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BioMed Research International
Volume 2014, Article ID 438675, 12 pages
http://dx.doi.org/10.1155/2014/438675
Review Article

From Innate to Adaptive Immune Response in Muscular Dystrophies and Skeletal Muscle Regeneration: The Role of Lymphocytes

1IRCCS Fondazione Santa Lucia, Via del Fosso di Fiorano 64, 00143 Rome, Italy
2DAHFMO, Unit of Histology and Medical Embryology, Sapienza University of Rome, Via Antonio Scarpa 14, 00161 Rome, Italy

Received 15 February 2014; Accepted 2 May 2014; Published 16 June 2014

Academic Editor: Pura Muñoz-Cánoves

Copyright © 2014 Luca Madaro and Marina Bouché. This is an open access article distributed under the Creative Commons Attribution License, which permits unrestricted use, distribution, and reproduction in any medium, provided the original work is properly cited.

Abstract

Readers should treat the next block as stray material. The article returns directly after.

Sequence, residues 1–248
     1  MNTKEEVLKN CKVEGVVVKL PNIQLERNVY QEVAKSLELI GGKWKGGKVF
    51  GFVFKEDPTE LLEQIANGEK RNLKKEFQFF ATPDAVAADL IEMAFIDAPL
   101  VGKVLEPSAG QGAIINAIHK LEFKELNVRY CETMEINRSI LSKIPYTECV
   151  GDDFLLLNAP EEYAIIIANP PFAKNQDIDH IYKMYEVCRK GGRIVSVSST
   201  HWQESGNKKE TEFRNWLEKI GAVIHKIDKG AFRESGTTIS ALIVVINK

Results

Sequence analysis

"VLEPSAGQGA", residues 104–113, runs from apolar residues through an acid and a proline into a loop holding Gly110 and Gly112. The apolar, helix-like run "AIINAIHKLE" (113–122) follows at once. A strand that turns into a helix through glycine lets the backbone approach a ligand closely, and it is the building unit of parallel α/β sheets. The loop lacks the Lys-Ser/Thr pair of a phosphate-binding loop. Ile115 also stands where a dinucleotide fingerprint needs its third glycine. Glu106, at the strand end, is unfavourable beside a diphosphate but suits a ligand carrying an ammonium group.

Skeletal muscle is able to restore contractile functionality after injury thanks to its ability to regenerate. Following muscle necrosis, debris is removed by macrophages, and muscle satellite cells (MuSCs), the muscle stem cells, are activated and subsequently proliferate, migrate, and form muscle fibers restoring muscle functionality. In most muscle dystrophies (MDs), MuSCs fail to properly proliferate, differentiate, or replenish the stem cell compartment, leading to fibrotic deposition. However, besides MuSCs, interstitial nonmyogenic cells and inflammatory cells also play a key role in orchestrating muscle repair. A complete understanding of the complexity of these mechanisms should allow the design of interventions to attenuate MDs pathology without disrupting regenerative processes. In this review we will focus on the contribution of immune cells in the onset and progression of MDs, with particular emphasis on Duchenne muscular dystrophy (DMD). We will briefly summarize the current knowledge and recent advances made in our understanding of the involvement of different innate immune cells in MDs and will move on to critically evaluate the possible role of cell populations within the acquired immune response. Revisiting previous observations in the light of recent evidence will likely change our current view of the onset and progression of the disease.